Kotukutuku, Tree Fuchsia
Fuchsia excorticata

Family: Onagraceae (on-uh-GRAY-see-ee) (Info)
Genus: Fuchsia (FEW-she-uh) (Info)
Species: excorticata (eks-kor-tee-KAT-uh) (Info)
» View all varieties of Fuchsias

Category:

Shrubs

Trees

Foliage Color:

Unknown - Tell us

Bloom Characteristics:

Unknown - Tell us

Water Requirements:

Average Water Needs; Water regularly; do not overwater

Requires consistently moist soil; do not let dry out between waterings

Where to Grow:

Unknown - Tell us

Height:

over 40 ft. (12 m)

Spacing:

6-8 ft. (1.8-2.4 m)

8-10 ft. (2.4-3 m)

10-12 ft. (3-3.6 m)

Hardiness:

USDA Zone 8b: to -9.4 C (15 F)

USDA Zone 9a: to -6.6 C (20 F)

USDA Zone 9b: to -3.8 C (25 F)

USDA Zone 10a: to -1.1 C (30 F)

Sun Exposure:

Sun to Partial Shade

Light Shade

Partial to Full Shade

Danger:

N/A

Bloom Color:

Red

Green

Purple

Bloom Time:

Mid Spring

Late Spring/Early Summer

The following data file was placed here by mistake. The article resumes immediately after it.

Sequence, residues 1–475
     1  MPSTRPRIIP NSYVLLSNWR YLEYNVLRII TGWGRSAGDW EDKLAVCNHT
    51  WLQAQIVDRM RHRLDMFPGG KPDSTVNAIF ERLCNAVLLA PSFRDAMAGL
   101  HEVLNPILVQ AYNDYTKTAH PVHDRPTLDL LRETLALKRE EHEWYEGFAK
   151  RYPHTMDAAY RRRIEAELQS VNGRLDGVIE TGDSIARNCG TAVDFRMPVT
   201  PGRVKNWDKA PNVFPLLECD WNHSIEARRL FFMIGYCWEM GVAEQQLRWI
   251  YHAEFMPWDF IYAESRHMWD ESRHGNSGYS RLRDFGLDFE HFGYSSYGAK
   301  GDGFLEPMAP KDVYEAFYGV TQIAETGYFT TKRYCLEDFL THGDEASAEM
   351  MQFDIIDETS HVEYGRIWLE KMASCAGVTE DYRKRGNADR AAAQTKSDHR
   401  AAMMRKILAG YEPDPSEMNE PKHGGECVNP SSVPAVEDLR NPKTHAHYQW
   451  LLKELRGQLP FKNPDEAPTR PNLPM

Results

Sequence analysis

Foliage:

Smooth-Textured

Other details:

Unknown - Tell us

Soil pH requirements:

5.6 to 6.0 (acidic)

6.1 to 6.5 (mildly acidic)

6.6 to 7.5 (neutral)

Patent Information:

Non-patented

Propagation Methods:

From seed; direct sow outdoors in fall

Seed Collecting:

Allow pods to dry on plant; break open to collect seeds

Allow seedheads to dry on plants; remove and collect seeds

Allow unblemished fruit to ripen; clean and dry seeds

Gardeners' Notes:

1
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0
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RatingContent
Positive

On Oct 16, 2013, RosinaBloom from Waihi
New Zealand (Zone 1) wrote:

Fuchsia excorticata - a New Zealand native - is the largest fuchsia in the world, growing to tree size upwards of 13 metres with a trunk to 0.6 metres in diameter. It is found commonly throughout New Zealand, and is easily recognised by its bark which peels and hangs in red papery strips to show a pale bark underneath. The introduction of Common Brushtail Possum to New Zealand has precipitated a serious decline in this species where large concentrations of the possum are present. It appears to be one of the possum's preferred food sources which they browse individual trees to the point of defoliation and the trees die.

The berry is sweet and juicy, and was used by European settlers to make jam and puddings. Tui and Wood Pigeon feed on the berries which have lots of very ti... read more